Apr 03, 2008

Tibet: Diplomats Shown Tibet on Short Leash

Sample ImageChina has allowed diplomats to tour Lhasa, but supervised by state officials during a heavily orchestrated programme they saw little and were able to report even less.

Below is an article written by Geoffrey York and published by the Globe & Mail:

A group of diplomats making their first visit to Lhasa since the wave of Tibetan protests were prohibited by China from having any independent contact with locals - those imprisoned after the protests or even those on the street.

The visitors were not allowed to go anywhere outside the approved sites on the official program, a Canadian spokesman said.

A Canadian diplomat was one of 17 from 15 countries who were taken by Chinese authorities on a 20-hour visit to Lhasa on Friday [28 March 2008] and Saturday [29 March 2008]. No details were released by Canada until yesterday [1 April 2008].

Several countries said the diplomats were given assurances by Chinese officials in Lhasa that the monks who protested last week [Week 13, 2008] during the media visit would not be punished, but had no way to verify that during their tour.

"Diplomats were not permitted to deviate from the officially approved program and were not permitted to have unsupervised conversations with Tibetans," said Bernard Nguyen, a spokesman for Canada's Foreign Affairs Department. "Canada was disappointed that no contact was permitted with Tibetan detainees.

"While we appreciate this initial step towards greater transparency, we note that the program for the trip was very brief and tightly controlled by Chinese authorities."

The escorted tour was China's response to widespread condemnation of its decision to seal off Lhasa and evict all foreigners from Tibetan regions after the protests […] on March 14 [2008].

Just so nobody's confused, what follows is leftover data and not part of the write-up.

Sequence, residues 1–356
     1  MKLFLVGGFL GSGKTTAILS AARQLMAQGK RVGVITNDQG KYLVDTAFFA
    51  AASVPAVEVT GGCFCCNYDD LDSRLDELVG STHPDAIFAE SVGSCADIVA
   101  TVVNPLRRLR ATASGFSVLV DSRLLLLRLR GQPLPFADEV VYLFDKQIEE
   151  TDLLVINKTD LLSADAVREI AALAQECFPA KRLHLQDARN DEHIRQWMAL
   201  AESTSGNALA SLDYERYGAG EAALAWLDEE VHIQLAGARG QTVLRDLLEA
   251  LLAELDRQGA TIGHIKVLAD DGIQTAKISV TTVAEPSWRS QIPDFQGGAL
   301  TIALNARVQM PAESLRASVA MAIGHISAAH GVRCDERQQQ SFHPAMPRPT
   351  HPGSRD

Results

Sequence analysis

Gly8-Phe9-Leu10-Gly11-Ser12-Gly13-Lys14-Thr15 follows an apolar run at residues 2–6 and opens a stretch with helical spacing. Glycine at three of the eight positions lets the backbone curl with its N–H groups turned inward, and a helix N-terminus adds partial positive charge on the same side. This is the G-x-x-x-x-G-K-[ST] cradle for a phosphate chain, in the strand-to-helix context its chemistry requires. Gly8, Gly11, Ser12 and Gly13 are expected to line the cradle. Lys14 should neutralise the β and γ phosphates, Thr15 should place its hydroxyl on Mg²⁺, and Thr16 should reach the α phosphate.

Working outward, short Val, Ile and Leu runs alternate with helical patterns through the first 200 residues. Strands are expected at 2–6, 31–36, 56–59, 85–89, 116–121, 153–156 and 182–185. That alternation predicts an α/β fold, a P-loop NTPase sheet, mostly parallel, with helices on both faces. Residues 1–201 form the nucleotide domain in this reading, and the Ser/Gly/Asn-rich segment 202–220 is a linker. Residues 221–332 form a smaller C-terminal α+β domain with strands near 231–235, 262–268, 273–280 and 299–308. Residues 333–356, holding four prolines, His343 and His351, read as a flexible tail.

"All of the inspections, all of the meetings, all of the dialogue was conducted under supervision and in the presence of Chinese officials," Australian Foreign Minister Stephen Smith said this week after receiving a report from an Australian diplomat on the escorted tour.

Beijing also allowed a brief escorted visit to Lhasa last week by a small hand-picked group of foreign journalists. That visit, too, was tightly controlled, but it was disrupted by about 30 distraught Tibetan monks who embarrassed the Chinese officials by bursting into a briefing room, shouting that there was no religious freedom in Tibet.

The escorted tours for diplomats and journalists focused mainly on Chinese victims of the violent protests on March 14 [2008]. The visitors were taken to see burned-out buildings of Chinese shopkeepers and were brought to hospitals to meet injured police officers and other Chinese […].

Mr. Nguyen, the Canadian spokesman, said Canada is still "seriously concerned" by the situation in Tibet. He said Canada believes that China should open a dialogue with the exiled Tibetan spiritual leader, the Dalai Lama, since this "may help to ensure an already tense situation does not deteriorate into further violence."

But there was no sign of compromise from Beijing yesterday [1 April 2008]. China claimed that the Dalai Lama's followers are organizing "suicide squads" to attack Chinese targets.

"To our knowledge, the next plan of the Tibetan independence forces is to organize suicide squads to launch violent attacks," said Wu Heping, a spokesman for the Chinese Public Security Ministry, at a news conference yesterday.

He said Chinese security forces had raided Tibetan monasteries and seized hundreds of guns, bullets, knives and explosives.

He refused to give any details or evidence of the "suicide squads." Tibet's government-in-exile, based in India, said the allegation was baseless.

China's military crackdown on the Tibetan protesters is partly driven by a fear of "splittists" among its restless minority regions in Western China, especially Tibet and the Muslim region of Xinjiang.

Yesterday [2 April 2008] there was news of two recent protests by the Uyghur people in Xinjiang. Several hundred Uyghurs held protests on March 23 and 24 to demand greater autonomy for the region, but police swooped in and arrested about 400 of the protesters, according to a report by Radio Free Asia. The demonstrations were sparked by the death of a prominent Uyghur businessman in police custody, the report said.